10 Words or Less - The Art of Writing a Great Listing Title
By Amy Greener
Published: 01/31/05 Topics: Comments: -
You can have a fantastic vacation rental property. You can offer a tremendous value in the off season. You can have a super web page, with outstanding photographs and copy. You can also be sitting next to the phone or computer, waiting for someone to inquire about your rental. That's not a good feeling, especially when you know you've poured your heart and soul--and wallet--into your advertising efforts.
In my consultation work with clients, I notice they invariably ask for help with photos and web page copy. And yes, content is very important. Easy to read, well-written copy and photos that makes one wish they were already there is what it's all about. But you've got to get those vacation rental web site visitors to click on your listing first. If you don't catch their interest, they'll just continue scanning and scrolling down, down, down.
Ask yourself when was the last time you changed or updated your listing's title...the same title competing with all the other rentals on that gigantic website? I certainly don't have any research to back it up, but I would guess that half of owners don't update their listing titles even twice a year. That's a shame because these owners don't realize the opportunity they've missed to attract more visitors to their web page. And more visitors, mean more chances to book someone.
I can't emphasize enough that if your property is located in a very dense market with pages upon pages of vacation home listings, you need to stand out from the crowd. Though I don't own any property in Florida, I am dumbfounded at the sheer numbers there! Can you imagine being on the other side of the fence, as someone trying to locate a nice rental? That's why you want to make their search as easy as possible; by making your listing's title a real standout.
Though I don't have space in this newsletter format to completely explain the mechanics of writing a great listing title, here are some tips to get you started. Just remember that your property is unique and there isn't a one-size-fits-all approach.
1. Know what renters want
2. Promote your property's best attributes
3. Avoid sentences; use short phrases or feature lists
4. Make it exciting; use descriptive, enticing words
5. Economize word length
6. Be creative
Anyone who has posted their property to a vacation rental web site knows there are only so many characters allowed for your listing title. Frustrating isn't it? Trying over and over to fit everything you want to say into that little box? That's why every word, every letter, every space has to count. Look at these possible listings and see how we've taken the same amount of characters, but made them pack a whole lot more punch:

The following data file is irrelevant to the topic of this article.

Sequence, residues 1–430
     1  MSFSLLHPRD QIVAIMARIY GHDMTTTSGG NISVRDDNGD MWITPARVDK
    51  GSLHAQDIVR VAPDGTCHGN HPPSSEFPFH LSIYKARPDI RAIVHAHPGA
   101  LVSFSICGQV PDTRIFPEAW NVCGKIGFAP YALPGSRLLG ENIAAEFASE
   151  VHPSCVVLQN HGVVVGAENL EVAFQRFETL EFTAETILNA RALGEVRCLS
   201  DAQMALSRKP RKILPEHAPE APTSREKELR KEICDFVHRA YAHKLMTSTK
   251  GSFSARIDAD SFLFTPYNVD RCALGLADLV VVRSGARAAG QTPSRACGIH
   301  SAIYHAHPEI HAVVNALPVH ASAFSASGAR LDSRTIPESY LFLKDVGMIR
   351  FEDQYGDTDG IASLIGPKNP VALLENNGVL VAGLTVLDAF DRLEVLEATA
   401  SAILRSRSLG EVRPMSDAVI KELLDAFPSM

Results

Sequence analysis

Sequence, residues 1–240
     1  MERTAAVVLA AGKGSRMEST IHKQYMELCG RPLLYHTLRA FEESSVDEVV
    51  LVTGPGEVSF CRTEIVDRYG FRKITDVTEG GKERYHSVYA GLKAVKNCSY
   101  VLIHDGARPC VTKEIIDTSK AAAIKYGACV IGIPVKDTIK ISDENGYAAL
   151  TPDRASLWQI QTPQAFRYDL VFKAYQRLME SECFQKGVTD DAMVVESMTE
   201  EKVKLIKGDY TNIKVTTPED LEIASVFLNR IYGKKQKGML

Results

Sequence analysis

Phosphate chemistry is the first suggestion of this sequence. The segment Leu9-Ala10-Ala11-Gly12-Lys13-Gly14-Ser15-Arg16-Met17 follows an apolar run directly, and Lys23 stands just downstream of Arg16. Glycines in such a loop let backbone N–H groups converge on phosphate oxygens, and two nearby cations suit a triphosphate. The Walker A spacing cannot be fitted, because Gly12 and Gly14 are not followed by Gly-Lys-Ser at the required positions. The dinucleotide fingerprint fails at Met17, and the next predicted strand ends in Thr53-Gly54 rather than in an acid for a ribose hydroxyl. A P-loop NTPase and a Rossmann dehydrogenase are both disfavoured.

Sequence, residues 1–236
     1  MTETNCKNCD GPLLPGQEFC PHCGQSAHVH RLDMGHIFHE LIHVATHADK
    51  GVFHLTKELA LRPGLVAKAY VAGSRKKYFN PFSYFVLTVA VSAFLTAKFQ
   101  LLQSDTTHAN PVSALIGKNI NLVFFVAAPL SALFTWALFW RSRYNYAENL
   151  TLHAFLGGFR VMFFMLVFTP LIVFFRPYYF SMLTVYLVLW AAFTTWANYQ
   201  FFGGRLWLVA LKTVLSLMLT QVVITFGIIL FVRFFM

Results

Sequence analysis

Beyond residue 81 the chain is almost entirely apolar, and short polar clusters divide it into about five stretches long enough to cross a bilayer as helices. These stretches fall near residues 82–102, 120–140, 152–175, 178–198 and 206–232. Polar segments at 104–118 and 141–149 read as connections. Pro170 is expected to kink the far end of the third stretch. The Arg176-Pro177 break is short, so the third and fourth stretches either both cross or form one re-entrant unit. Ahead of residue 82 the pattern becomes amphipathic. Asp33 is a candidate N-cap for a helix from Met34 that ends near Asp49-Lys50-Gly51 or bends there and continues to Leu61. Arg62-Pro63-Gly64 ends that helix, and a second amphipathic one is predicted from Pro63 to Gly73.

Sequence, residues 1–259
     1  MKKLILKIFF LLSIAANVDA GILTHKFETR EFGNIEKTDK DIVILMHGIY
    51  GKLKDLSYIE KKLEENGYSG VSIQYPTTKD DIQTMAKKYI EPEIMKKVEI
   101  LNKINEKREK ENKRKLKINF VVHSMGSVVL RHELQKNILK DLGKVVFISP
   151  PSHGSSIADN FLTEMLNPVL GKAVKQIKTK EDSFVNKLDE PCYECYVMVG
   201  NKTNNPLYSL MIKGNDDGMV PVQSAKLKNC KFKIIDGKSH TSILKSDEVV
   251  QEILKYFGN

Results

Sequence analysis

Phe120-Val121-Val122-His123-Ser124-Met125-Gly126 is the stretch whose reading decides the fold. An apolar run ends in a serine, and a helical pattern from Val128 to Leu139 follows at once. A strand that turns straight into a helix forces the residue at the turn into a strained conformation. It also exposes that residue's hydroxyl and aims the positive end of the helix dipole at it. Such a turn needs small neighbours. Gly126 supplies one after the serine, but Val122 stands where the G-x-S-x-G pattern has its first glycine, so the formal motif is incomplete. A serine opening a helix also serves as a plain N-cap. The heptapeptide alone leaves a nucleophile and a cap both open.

Before: Clover Mountain Resort 2 bed/2 bath/sleeps 6--Nice!
After: Big Views! Ski in-Ski out/Fireplace/Jacuzzi/Loaded
The before version is a typical listing. It tells you where the property is, how many beds, baths, guest accommodations and that it's nice. Guess what...every single word except for 'nice' is a waste of space. Remember that most vacation property sites already have that information posted right next to the title. So it's totally redundant. And unless the property location is truly spectacular or paramount, you can save that for the web page itself. We're trying to get them to click onto your page, so you've got to use every trick in the book. The location or property name is nice but if you can replace it with something more enticing, do it.
The after version takes a completely different approach: we're promoting the very best attributes of this condominium. What do you get for your vacation dollar at this condo? Well, a great view, the convenience of skiing right onto the slopes, a fireplace and jacuzzi to enjoy after skiing, and even more since it's described as being "loaded". This listing is oriented to features and benefits, which is what most people are looking for when they hunt for the ideal rental. You're making their job easier when you present it right up front in the listing title.
Now, which listing would you be more likely to click on?
Like most things in life, there is no single answer as to what is the best approach for your vacation property's listing. My personal philosophy is that of informed trial and error: I take into consideration my knowledge of the market, my property and my target renters, then test different listing titles to see what seems to work best. Once you've found a winner you'll know, because the hit counter, emails and phone calls will reflect it. So be creative and have fun with "10 words or less."
The Author - Amy Ashcroft Greener and her husband own and self-manage two vacation rental properties near Gatlinburg, Tennessee. She is a contributing writer to How to Rent by Owner: The Complete Guide to Buy, Manage, Furnish, Rent, Maintain and Advertise Your Vacation Rental by Christine Karpinksi (2004). Amy and Christine are currently collaborating on a second book for vacation rental owners. A mother of three, Amy's primary profession is that of voiceover talent. If you have Onstar service, you now know who to be mad at when the system voice says "I'm sorry, I didn't get that. Please try again."
Author: Amy Greener, Vacation Rental Association
Blog #: 0056 – 01/31/05
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